Montgomery's fourth touchdown went 72 yards on a screen pass, in which Stanford had numbers matched up on that side of the field. Cal's defenders took bad, undisciplined angles to open up the middle, and Montgomery ran the length of the field untouched again. Poor scheme resulted in the play call, and poor defensive execution on top of that allowed for a big play to go the distance. Just more poor play all around by the defense.
Montgomery's fifth touchdown in the first half was again an issue of leaving an undersized defender on an island, again. What made this most maddening was that the play came on 3rd-and-8, meaning that the Bears knew that the Cardinal were throwing the football, but still elected to go with the base defense as opposed to providing extra help on that side of the field. Montgomery ran a fade, simply beat the defender, and recorded his fifth touchdown of the first half.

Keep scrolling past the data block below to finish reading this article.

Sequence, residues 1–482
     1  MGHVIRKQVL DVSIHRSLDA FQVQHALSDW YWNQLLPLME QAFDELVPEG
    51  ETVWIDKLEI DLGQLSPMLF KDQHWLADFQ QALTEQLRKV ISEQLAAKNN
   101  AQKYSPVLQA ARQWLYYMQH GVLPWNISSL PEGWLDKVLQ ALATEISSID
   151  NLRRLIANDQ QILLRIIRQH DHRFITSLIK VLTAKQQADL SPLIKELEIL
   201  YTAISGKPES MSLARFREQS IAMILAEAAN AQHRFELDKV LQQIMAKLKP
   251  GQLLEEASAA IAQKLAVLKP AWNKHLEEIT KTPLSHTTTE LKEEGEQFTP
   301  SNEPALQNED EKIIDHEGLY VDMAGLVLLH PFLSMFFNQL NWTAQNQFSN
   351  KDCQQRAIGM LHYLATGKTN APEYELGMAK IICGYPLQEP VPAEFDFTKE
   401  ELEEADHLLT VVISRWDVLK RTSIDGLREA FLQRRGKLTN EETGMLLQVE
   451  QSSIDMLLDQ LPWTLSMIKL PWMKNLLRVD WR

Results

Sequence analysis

With the Cardinal up by 29 at halftime and with the Bears not coming close to threatening in the second half, Montgomery did not need to make another play the rest of the way. However, his play in the first half continued a trend of the Bears repeatedly getting burned on defense by a single wide receiver, yet making no real adjustment to stop or slow down said receiver.
With the end of 2013 ending in further disappointment, the Bears figure to see some major changes to the defense in the offseason. The unit gets to start anew in 2014, with a plethora of injured players figuring to be healthy and more experienced in 2014.